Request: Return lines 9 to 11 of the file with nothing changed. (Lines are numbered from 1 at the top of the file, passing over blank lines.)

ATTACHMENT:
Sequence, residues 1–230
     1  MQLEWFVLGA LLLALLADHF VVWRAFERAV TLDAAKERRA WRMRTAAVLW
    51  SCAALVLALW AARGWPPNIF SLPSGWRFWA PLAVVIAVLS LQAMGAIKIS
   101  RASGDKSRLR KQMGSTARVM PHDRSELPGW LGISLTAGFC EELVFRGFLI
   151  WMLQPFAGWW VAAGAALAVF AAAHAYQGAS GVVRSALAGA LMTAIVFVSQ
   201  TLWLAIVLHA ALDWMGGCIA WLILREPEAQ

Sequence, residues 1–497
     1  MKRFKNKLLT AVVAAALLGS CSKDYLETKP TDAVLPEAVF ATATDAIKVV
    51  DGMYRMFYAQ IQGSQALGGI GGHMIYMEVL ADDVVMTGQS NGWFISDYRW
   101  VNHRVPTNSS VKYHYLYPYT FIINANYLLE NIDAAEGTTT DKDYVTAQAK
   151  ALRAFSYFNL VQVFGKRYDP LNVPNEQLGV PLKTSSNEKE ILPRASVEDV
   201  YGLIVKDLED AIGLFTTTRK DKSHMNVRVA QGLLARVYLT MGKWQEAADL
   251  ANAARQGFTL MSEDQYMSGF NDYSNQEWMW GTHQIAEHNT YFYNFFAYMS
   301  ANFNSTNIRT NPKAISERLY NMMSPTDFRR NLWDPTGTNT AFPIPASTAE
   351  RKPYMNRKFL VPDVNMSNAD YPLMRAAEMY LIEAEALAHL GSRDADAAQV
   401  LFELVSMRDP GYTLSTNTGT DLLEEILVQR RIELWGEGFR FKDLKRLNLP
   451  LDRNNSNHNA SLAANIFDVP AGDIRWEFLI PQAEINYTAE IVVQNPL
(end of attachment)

    51  DGMYRMFYAQ IQGSQALGGI GGHMIYMEVL ADDVVMTGQS NGWFISDYRW
   101  VNHRVPTNSS VKYHYLYPYT FIINANYLLE NIDAAEGTTT DKDYVTAQAK
   151  ALRAFSYFNL VQVFGKRYDP LNVPNEQLGV PLKTSSNEKE ILPRASVEDV